On the afternoon of August 31, 2013, French Rafale fighter jets bristled on their runways, readied for war. As far as French President Francois Hollande was concerned, D-Day had arrived; at 3 a.m. his planes would begin air strikes against missile batteries and command centers of the Syrian Army's 4th Armored Division -- the Syrian military's most trusted military unit, and the one in charge of chemical weapons.
The reason: Syrian President Bashar al-Assad had crossed U.S. President Barack Obama's "red line" when, just 10 days earlier, he had apparently used chemical weapons in Ghouta, a suburb of Damascus, against the rebels battling him and the civilians who, as usual, bore the brunt of Assad's fury. According to the Organization for the Prohibition of Chemical Weapons, it was the regime's third -- and deadliest -- use of sarin gas to date. Now it was time to for the United States and its allies to make good on the president's word.
But at the last minute, Obama called Hollande to tell him the strikes were off; he would instead seek the backing of Congress before any military action was taken. It was support he most likely knew he would not get; at nearly the last possible moment, he had changed course.
This development was perhaps not entirely unsurprising. A key tenet of Obama's first presidential campaign was to withdraw the United States from its costly and bloody adventurism in the Middle East, a promise that was well received by an American public that had been at war since the 2001 intervention in Afghanistan and the 2003 invasion of Iraq.
Since then, Obama has largely managed to keep his country out of the Middle East despite the region's descent into sanguinary chaos as Libya, Iraq, and Syria have steadily disintegrated while the militant group Islamic State (IS) has murdered its way into global headlines.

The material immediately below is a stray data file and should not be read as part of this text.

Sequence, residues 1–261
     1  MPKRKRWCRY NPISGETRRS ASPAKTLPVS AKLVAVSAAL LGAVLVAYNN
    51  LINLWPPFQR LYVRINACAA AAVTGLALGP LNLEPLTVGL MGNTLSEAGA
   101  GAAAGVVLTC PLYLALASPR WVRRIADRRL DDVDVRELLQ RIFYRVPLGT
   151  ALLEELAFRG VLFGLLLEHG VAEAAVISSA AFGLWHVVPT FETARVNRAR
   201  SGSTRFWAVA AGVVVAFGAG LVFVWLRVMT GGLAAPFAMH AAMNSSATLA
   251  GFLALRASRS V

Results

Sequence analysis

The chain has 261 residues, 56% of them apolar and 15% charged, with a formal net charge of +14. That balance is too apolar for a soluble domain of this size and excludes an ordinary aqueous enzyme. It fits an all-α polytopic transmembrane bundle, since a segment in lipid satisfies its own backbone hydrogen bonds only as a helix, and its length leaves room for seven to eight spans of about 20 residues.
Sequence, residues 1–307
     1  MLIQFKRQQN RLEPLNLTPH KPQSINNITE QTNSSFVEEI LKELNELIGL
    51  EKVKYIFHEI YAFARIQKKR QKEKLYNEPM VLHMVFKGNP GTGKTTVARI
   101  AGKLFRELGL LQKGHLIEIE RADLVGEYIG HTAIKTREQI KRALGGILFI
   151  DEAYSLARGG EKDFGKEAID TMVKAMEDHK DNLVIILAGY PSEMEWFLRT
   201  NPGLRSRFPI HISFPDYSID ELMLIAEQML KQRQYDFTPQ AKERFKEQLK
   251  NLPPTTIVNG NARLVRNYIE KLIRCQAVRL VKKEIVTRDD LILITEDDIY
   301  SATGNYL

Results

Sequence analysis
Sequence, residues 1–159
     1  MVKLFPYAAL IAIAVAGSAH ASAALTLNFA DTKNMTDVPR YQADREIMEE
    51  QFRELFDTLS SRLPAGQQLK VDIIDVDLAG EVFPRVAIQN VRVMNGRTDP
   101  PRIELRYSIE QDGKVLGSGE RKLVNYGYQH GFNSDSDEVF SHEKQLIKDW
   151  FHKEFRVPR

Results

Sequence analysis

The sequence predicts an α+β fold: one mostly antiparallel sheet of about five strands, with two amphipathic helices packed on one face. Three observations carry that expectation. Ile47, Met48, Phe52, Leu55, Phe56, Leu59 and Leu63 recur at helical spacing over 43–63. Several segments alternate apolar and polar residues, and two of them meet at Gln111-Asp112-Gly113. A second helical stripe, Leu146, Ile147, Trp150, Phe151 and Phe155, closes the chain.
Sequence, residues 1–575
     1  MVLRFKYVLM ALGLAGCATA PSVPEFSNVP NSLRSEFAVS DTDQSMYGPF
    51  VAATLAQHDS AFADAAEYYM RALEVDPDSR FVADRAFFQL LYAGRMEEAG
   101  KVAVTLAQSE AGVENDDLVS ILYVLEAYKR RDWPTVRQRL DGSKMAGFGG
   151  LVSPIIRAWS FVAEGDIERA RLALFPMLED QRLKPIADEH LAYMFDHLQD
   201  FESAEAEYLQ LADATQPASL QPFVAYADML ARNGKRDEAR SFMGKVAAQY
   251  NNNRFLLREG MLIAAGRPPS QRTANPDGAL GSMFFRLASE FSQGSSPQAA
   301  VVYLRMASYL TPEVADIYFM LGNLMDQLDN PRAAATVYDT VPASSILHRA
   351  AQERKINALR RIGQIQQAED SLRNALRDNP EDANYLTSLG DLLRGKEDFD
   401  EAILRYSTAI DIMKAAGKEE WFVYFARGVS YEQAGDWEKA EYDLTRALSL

The United States has conducted air strikes against IS targets in Syria and Iraq, while it has "advisers" on the ground supporting the Iraqi Security Forces (ISF) and various groups battling IS in Syria. But, despite the White House's seeming refusal to be drawn into battle on the ground, U.S. involvement may go deeper than many Americans believe. This month an improvised explosive device (IED) killed a U.S. Navy bomb-disposal technician in the town of Ain Issa, less than 60 kilometers from the de facto capital of IS's self-proclaimed caliphate -- making Senior Chief Petty Officer Scott C. Dayton the first U.S. serviceman to die in Syria and the fifth to be killed while fighting IS since 2015.
Many Americans -- especially those of an isolationist bent -- fear IS as a global terrorist threat and support an air campaign against the extremist group but discount its direct threat in Syria as of little concern. This is wrong. U.S. soldiers are indeed involved in the fight on the ground. America's sons and daughters in Syria are personally at risk from IS -- a fact that has so far been downplayed in the public discussion.